Tulipa – Review. Photo. History

Tulip is a bulbous plant from the extensive lily family, it got its name from the Persian word “toliban”, which means “a turban”. The flower was named so because its inflorescence resembles this hat. Tulip originates from Central Asia and the Mediterranean. In the wild tulips grow in Russia, Belarus, the southern regions of Kazakhstan, as well as in Turkey, India and Iran.

Tulipa History

The first written mentions of tulips date back to the XI century, and they gained the most popularity in the XVI – XVII centuries, especially in the Netherlands, where the bulbs of rare varieties of this flower were sold for fabulous amounts of money. The Netherlands is still one of the leaders in commercial cultivation of tulips along with the United Kingdom and Belgium.

An upright stem of a tulip can be of a very different length from 10 to 85 centimeters, depending on a variety. Firm large leaves, as though covered with a light waxy film, are in most cases green, but there are such varieties (Tulipa micheliana, T. kaufmanniana), whose leaves are covered with brownish-purple stripes, spots or streaks, that make it an even more decorative flower. There is usually only one inflorescence on the stem, but there are some varieties (e.g., T. turkestanica), which may have up to five inflorescences on one stem. The inflorescences come in different shapes: cup-shaped, double, lily-flowered (pointed petals are facing different directions), parrot ones (petals are twisted and have irregular ends). Petals can be up to 12 centimeters long, and the inflorescence diameter ranges from 3 to nearly 20 centimeters (when fully opened). Garden tulips vary in colors: most common are red, yellow, rarely pink, lilac, purple to almost black, orange, white or multicolored.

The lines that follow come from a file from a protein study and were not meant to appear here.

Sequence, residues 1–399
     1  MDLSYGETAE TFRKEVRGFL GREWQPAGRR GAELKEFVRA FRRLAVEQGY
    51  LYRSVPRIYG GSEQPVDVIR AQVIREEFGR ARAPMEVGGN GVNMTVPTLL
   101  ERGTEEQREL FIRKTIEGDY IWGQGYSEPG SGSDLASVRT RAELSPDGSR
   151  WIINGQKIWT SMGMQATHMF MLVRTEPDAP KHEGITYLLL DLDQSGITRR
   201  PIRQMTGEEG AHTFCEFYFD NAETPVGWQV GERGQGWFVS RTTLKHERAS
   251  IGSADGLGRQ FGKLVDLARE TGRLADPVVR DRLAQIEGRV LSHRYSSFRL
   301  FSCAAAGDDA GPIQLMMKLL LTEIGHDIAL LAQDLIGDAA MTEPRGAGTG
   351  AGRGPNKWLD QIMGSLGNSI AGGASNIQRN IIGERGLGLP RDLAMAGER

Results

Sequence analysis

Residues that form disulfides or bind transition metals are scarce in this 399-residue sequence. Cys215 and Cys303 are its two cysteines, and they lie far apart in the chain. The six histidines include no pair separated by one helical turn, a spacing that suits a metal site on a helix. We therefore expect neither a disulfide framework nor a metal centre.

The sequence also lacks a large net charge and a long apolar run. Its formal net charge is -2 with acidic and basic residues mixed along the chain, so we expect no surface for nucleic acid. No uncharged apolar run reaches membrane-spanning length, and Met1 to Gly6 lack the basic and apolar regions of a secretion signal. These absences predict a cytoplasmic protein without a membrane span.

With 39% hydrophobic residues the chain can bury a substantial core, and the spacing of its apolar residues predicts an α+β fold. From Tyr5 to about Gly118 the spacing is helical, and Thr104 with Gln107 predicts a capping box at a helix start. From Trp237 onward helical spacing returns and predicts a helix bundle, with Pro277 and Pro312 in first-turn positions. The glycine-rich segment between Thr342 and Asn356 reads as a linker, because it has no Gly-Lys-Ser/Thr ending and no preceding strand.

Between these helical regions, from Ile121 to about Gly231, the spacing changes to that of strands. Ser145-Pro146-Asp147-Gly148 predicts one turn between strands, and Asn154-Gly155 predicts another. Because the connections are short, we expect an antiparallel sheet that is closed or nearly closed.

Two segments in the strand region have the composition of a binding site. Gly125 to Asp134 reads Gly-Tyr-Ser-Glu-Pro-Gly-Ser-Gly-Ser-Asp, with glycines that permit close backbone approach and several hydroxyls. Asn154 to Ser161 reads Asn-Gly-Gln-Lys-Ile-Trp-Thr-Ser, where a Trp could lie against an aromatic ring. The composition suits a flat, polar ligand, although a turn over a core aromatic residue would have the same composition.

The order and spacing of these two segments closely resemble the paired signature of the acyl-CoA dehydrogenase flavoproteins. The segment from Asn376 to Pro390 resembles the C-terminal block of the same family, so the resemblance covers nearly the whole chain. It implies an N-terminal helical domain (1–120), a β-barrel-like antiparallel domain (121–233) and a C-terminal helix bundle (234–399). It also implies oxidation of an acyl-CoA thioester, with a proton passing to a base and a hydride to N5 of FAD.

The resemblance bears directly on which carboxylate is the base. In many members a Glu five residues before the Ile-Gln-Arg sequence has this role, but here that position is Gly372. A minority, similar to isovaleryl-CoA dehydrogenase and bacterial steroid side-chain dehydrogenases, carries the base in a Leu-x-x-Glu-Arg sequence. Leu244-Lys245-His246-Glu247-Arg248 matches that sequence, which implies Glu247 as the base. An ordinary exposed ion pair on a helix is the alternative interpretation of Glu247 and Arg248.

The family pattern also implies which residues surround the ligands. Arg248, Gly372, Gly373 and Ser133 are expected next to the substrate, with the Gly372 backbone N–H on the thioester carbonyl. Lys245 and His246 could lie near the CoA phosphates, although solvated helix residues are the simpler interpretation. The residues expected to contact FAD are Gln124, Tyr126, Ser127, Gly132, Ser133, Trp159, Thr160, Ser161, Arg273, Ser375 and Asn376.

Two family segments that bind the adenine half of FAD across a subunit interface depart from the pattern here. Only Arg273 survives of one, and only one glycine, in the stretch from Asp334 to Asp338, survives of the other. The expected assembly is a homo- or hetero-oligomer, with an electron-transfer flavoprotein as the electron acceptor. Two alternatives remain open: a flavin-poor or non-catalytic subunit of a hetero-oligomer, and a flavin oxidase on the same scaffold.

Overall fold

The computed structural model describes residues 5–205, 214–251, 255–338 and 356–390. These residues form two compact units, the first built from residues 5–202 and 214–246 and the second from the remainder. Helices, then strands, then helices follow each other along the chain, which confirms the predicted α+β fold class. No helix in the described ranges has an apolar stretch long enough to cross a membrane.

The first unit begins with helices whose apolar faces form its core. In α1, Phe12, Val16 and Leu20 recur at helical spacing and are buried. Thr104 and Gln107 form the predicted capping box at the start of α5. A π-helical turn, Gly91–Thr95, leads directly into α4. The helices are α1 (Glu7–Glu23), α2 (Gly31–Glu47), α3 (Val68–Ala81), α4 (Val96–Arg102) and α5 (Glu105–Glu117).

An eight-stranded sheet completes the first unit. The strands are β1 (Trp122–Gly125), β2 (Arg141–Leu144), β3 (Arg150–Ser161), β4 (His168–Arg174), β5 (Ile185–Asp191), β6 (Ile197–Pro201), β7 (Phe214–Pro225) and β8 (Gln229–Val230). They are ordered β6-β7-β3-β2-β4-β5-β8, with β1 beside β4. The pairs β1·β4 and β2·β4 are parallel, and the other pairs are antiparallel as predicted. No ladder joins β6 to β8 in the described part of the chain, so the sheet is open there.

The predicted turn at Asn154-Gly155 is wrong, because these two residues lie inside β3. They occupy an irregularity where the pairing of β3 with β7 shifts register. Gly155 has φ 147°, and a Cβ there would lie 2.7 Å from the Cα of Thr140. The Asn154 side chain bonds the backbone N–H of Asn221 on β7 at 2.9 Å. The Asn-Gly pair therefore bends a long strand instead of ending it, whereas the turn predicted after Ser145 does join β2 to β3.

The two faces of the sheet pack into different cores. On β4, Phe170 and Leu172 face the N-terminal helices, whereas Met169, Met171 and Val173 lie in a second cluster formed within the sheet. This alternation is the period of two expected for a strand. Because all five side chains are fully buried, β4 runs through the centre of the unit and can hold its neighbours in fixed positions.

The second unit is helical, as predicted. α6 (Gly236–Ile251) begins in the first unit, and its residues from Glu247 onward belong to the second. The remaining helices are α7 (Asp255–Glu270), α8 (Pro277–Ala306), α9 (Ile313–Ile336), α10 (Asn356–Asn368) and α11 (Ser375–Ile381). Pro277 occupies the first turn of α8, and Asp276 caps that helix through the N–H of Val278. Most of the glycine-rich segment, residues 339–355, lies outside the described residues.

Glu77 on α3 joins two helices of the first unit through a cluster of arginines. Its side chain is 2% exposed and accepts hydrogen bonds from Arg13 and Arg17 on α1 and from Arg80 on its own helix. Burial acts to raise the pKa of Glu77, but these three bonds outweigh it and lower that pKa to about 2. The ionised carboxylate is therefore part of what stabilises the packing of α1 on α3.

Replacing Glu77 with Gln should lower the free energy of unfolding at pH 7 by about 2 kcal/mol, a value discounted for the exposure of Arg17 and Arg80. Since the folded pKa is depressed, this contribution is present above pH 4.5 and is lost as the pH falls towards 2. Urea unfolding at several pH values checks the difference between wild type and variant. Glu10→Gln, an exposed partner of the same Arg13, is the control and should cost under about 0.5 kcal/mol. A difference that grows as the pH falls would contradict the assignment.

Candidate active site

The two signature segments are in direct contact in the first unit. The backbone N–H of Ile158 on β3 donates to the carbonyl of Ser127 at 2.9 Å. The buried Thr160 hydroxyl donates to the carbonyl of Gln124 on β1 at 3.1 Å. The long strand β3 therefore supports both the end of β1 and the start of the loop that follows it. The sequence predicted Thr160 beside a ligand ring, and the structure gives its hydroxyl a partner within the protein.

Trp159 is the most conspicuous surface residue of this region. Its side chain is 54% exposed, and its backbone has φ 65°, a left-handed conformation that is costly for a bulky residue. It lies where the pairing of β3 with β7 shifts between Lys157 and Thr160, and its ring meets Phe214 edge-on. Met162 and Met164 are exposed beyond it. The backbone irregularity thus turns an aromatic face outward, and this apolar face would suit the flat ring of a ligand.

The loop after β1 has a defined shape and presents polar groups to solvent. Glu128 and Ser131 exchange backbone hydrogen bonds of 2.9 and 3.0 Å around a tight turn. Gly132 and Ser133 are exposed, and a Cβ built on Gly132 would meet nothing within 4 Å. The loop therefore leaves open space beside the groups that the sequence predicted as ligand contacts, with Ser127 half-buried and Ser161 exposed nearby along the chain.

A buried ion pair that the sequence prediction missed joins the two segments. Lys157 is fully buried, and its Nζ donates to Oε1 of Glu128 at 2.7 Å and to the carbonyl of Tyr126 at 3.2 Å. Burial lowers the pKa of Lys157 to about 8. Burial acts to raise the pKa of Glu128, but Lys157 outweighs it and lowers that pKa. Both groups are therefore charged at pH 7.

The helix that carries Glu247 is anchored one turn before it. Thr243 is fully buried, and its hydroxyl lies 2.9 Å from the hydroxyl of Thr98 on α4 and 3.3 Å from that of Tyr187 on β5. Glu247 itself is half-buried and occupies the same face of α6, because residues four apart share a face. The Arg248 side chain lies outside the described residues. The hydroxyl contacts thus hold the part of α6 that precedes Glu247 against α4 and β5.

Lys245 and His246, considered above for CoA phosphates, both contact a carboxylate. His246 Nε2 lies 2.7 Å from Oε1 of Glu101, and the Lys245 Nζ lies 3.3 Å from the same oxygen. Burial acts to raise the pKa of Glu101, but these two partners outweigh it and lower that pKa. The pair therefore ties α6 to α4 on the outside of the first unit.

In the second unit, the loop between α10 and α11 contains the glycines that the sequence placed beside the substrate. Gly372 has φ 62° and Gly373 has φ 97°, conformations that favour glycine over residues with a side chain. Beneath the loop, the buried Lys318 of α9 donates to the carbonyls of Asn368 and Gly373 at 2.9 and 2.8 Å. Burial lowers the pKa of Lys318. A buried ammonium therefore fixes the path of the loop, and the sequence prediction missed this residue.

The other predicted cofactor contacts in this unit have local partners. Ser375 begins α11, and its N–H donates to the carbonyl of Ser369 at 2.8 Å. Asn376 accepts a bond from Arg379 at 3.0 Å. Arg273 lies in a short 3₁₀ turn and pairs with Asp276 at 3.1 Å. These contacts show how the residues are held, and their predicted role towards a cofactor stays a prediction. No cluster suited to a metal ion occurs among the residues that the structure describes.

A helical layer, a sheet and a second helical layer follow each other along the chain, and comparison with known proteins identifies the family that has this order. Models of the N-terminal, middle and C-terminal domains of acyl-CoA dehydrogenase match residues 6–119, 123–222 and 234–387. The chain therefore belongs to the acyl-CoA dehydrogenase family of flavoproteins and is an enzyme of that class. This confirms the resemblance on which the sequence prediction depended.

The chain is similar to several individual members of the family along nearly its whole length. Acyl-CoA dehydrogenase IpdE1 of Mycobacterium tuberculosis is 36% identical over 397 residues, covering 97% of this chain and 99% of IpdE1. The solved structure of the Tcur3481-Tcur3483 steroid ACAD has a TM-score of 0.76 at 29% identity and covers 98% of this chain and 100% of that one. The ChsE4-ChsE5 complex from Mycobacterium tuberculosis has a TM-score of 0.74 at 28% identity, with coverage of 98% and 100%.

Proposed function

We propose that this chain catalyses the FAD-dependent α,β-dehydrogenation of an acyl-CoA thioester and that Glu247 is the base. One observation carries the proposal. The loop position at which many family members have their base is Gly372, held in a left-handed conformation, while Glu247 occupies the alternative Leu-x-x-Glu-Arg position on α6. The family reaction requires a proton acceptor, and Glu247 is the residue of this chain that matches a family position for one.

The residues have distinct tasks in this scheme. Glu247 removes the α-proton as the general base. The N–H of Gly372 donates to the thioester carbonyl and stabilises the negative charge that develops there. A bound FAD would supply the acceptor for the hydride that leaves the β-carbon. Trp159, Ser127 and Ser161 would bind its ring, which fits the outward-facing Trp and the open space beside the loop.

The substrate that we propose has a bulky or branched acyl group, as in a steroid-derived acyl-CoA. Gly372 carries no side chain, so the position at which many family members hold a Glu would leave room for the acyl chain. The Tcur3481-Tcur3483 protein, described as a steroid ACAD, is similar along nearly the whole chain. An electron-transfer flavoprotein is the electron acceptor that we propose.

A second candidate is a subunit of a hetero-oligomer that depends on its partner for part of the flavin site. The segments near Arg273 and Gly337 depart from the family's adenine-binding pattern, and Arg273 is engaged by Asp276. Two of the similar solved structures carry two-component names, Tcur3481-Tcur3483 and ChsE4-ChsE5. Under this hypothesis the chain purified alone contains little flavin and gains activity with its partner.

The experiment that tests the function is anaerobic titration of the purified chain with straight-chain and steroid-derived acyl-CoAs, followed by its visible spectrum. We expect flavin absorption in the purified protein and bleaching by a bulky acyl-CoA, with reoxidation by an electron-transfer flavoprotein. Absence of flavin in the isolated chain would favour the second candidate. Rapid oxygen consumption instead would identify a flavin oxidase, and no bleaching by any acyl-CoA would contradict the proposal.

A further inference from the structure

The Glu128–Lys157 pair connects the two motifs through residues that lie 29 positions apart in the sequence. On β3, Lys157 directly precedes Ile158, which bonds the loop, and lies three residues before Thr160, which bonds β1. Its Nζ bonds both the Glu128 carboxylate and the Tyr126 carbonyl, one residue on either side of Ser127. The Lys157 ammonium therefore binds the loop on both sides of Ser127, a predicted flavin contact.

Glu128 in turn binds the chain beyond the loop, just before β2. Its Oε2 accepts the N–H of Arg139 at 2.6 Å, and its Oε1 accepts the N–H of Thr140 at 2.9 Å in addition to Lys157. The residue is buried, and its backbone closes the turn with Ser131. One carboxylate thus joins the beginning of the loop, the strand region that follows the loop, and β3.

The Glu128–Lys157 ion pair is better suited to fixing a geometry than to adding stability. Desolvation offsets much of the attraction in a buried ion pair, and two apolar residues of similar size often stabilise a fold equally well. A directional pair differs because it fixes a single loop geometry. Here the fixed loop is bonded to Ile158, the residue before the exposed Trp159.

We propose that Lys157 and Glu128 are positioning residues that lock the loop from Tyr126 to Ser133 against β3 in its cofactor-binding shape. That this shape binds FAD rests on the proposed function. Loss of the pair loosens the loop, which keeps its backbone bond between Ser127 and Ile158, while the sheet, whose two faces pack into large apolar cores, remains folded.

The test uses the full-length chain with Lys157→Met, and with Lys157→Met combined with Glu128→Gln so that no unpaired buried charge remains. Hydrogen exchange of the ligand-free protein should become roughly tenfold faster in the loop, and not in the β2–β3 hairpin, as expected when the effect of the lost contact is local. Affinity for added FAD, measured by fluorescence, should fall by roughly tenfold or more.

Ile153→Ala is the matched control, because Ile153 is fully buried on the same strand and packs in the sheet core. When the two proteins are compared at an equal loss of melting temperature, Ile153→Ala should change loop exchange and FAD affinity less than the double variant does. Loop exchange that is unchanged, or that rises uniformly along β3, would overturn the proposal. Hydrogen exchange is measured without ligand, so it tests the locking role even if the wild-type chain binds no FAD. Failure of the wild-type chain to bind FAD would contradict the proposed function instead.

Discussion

Tulipa Photo


When buying tulips choose plants with blossoms in a state of a large bud or that have just started to open. Fully opened flower will not last for a long time, in this state it easily drops petals. Tulip is an ephemeroid, which means that it is very sensitive to temperature. At too high temperature (above 25 degrees Celsius) it will wither quickly, so it is important to store it in the refrigerator only. While trimming the stems (by about 1.5 centimeters) one should prevent the fragmentation of the lower part of the stem.